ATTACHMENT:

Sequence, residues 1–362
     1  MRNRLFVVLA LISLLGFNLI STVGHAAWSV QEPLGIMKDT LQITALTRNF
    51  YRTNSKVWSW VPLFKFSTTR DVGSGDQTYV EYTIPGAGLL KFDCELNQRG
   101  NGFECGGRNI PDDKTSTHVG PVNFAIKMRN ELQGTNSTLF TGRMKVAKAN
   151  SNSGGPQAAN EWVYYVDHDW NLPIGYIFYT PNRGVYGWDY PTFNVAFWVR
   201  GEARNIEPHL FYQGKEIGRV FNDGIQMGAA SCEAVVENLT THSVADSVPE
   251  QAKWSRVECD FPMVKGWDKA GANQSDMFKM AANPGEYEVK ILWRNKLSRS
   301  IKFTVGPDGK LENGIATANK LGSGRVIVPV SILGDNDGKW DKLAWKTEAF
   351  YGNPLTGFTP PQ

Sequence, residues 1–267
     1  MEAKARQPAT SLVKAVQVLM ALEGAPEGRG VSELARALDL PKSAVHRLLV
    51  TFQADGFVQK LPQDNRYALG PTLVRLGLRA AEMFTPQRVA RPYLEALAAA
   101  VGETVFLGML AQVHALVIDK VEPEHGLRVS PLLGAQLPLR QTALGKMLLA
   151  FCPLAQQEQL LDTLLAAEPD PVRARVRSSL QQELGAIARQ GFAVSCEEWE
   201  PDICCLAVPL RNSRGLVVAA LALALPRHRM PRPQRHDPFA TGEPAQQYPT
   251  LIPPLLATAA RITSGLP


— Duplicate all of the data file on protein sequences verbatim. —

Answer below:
Sequence, residues 1–362
     1  MRNRLFVVLA LISLLGFNLI STVGHAAWSV QEPLGIMKDT LQITALTRNF
    51  YRTNSKVWSW VPLFKFSTTR DVGSGDQTYV EYTIPGAGLL KFDCELNQRG
   101  NGFECGGRNI PDDKTSTHVG PVNFAIKMRN ELQGTNSTLF TGRMKVAKAN
   151  SNSGGPQAAN EWVYYVDHDW NLPIGYIFYT PNRGVYGWDY PTFNVAFWVR
   201  GEARNIEPHL FYQGKEIGRV FNDGIQMGAA SCEAVVENLT THSVADSVPE
   251  QAKWSRVECD FPMVKGWDKA GANQSDMFKM AANPGEYEVK ILWRNKLSRS
   301  IKFTVGPDGK LENGIATANK LGSGRVIVPV SILGDNDGKW DKLAWKTEAF
   351  YGNPLTGFTP PQ

Sequence, residues 1–267
     1  MEAKARQPAT SLVKAVQVLM ALEGAPEGRG VSELARALDL PKSAVHRLLV
    51  TFQADGFVQK LPQDNRYALG PTLVRLGLRA AEMFTPQRVA RPYLEALAAA
   101  VGETVFLGML AQVHALVIDK VEPEHGLRVS PLLGAQLPLR QTALGKMLLA
   151  FCPLAQQEQL LDTLLAAEPD PVRARVRSSL QQELGAIARQ GFAVSCEEWE
   201  PDICCLAVPL RNSRGLVVAA LALALPRHRM PRPQRHDPFA TGEPAQQYPT
   251  LIPPLLATAA RITSGLP